Colorectal cancer mass-screening: estimation of faecal occult blood test sensitivity, taking into account cancer mean sojourn time

Int J Cancer. 1997 Oct 9;73(2):220-4. doi: 10.1002/(sici)1097-0215(19971009)73:2<220::aid-ijc10>;2-j.


Mass screening using the faecal occult blood test (FOBT) can reduce mortality from colorectal cancer. Reliable estimation of FOBT sensitivity is crucial in assessing the potential effectiveness of a mass-screening procedure. Available estimates could be inaccurate because they neglect the temporal aspect of screening. The aim of our study was to estimate the sensitivity of the FOBT in mass screening for colorectal cancer, taking into account the duration of the pre-clinical phase of the disease assessed by the mean sojourn time (MST), and to assess whether MST and FOBT sensitivity differ according to cancer subsite. We analysed data taken from the first round of the mass-screening programme of the department of Calvados (France), involving 164,364 subjects of whom 43.4% participated in FOB screening. MST and sensitivity were estimated using a simple empirical approach, a traditional maximum likelihood method and log-linear modelling using the Bayesian technique of Gibbs sampling. MST was estimated as between 4.5 and 5 years for all subsites combined. According to the Gibbs sampling method, MSTs were 3.5, 6.4 and 2.6 years for proximal colon, distal colon and rectal cancer, respectively. Our estimation methods give a low sensitivity for the FOBT (50%), results for different subsites being closer to each other, slightly higher for proximal cancer. Our results strongly suggest that tumour growth rates are very different according to subsite, slowest for distal cancer and speediest for rectal cancer. Consideration of FOBT sensitivity without MST appears unreliable. Our results by subsite suggest that combining FOBT and sigmoidoscopy could be a good strategy for colorectal cancer screening.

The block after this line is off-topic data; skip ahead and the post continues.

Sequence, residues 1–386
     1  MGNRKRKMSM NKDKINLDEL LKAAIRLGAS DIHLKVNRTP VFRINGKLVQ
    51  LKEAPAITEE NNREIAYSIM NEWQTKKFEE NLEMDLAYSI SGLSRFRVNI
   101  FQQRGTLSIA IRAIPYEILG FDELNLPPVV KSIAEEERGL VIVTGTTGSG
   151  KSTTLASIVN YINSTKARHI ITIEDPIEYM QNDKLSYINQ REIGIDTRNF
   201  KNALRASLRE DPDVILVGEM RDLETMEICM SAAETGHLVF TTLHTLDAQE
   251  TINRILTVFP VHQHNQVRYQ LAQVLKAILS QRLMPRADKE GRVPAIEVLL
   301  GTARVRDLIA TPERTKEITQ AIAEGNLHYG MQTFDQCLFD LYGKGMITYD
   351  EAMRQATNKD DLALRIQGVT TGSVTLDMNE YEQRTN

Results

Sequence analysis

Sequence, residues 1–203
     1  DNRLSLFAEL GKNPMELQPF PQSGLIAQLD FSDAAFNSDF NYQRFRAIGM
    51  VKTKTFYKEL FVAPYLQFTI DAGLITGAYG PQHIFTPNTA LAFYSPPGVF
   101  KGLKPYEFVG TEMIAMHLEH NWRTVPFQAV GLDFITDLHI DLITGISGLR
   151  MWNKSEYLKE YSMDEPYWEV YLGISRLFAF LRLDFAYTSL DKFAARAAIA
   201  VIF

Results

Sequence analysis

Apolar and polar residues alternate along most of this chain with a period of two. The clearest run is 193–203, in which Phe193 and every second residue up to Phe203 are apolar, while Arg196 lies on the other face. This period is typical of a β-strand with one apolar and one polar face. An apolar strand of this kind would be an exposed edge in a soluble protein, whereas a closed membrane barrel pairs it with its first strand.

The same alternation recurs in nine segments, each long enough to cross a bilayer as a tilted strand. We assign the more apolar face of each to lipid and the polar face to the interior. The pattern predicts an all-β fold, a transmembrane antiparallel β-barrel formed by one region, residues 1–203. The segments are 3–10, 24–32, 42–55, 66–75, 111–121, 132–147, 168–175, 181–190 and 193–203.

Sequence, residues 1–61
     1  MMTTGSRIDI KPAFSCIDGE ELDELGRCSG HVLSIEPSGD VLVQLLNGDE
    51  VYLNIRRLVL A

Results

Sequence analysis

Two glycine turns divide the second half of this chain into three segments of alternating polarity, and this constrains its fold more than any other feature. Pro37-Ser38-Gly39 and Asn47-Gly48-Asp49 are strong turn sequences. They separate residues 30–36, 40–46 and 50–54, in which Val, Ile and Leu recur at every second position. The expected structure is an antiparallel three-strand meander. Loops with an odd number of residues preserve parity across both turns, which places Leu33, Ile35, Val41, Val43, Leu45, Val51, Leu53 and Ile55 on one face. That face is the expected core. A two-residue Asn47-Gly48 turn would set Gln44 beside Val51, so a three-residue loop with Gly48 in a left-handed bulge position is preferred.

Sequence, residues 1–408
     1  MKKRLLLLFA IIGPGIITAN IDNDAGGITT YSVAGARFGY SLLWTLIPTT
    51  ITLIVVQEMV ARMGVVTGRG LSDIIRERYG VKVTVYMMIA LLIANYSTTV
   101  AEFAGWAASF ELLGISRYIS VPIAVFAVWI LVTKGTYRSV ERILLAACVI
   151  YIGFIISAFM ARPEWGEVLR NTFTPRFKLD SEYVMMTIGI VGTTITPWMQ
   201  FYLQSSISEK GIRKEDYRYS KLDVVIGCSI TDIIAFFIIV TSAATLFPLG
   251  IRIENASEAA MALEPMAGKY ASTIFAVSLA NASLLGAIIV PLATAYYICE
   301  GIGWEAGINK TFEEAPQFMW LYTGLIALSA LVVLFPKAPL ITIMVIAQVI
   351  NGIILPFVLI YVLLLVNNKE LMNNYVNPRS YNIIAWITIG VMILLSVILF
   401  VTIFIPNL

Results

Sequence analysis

MeSH terms

  • Aged
  • Colorectal Neoplasms / diagnosis*
  • Colorectal Neoplasms / epidemiology
  • Colorectal Neoplasms / pathology
  • Female
  • France / epidemiology
  • Humans
  • Incidence
  • Male
  • Mass Screening*
  • Middle Aged
  • Occult Blood*
  • Sensitivity and Specificity
  • Time Factors